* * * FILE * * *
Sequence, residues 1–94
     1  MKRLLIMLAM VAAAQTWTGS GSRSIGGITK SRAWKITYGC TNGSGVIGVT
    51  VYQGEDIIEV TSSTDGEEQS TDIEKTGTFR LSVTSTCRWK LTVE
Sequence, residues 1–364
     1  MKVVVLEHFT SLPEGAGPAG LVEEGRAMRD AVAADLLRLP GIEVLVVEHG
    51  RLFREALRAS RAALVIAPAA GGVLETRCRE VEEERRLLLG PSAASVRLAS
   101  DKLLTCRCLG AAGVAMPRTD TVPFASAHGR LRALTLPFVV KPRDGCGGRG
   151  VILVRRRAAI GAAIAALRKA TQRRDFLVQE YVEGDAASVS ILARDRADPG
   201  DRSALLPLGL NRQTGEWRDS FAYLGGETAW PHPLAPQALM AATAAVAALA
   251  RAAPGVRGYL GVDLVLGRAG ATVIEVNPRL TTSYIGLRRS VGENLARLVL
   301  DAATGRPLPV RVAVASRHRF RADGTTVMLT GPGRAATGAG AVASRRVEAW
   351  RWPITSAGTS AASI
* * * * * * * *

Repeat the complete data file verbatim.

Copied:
Sequence, residues 1–94
     1  MKRLLIMLAM VAAAQTWTGS GSRSIGGITK SRAWKITYGC TNGSGVIGVT
    51  VYQGEDIIEV TSSTDGEEQS TDIEKTGTFR LSVTSTCRWK LTVE
Sequence, residues 1–364
     1  MKVVVLEHFT SLPEGAGPAG LVEEGRAMRD AVAADLLRLP GIEVLVVEHG
    51  RLFREALRAS RAALVIAPAA GGVLETRCRE VEEERRLLLG PSAASVRLAS
   101  DKLLTCRCLG AAGVAMPRTD TVPFASAHGR LRALTLPFVV KPRDGCGGRG
   151  VILVRRRAAI GAAIAALRKA TQRRDFLVQE YVEGDAASVS ILARDRADPG
   201  DRSALLPLGL NRQTGEWRDS FAYLGGETAW PHPLAPQALM AATAAVAALA
   251  RAAPGVRGYL GVDLVLGRAG ATVIEVNPRL TTSYIGLRRS VGENLARLVL
   301  DAATGRPLPV RVAVASRHRF RADGTTVMLT GPGRAATGAG AVASRRVEAW
   351  RWPITSAGTS AASI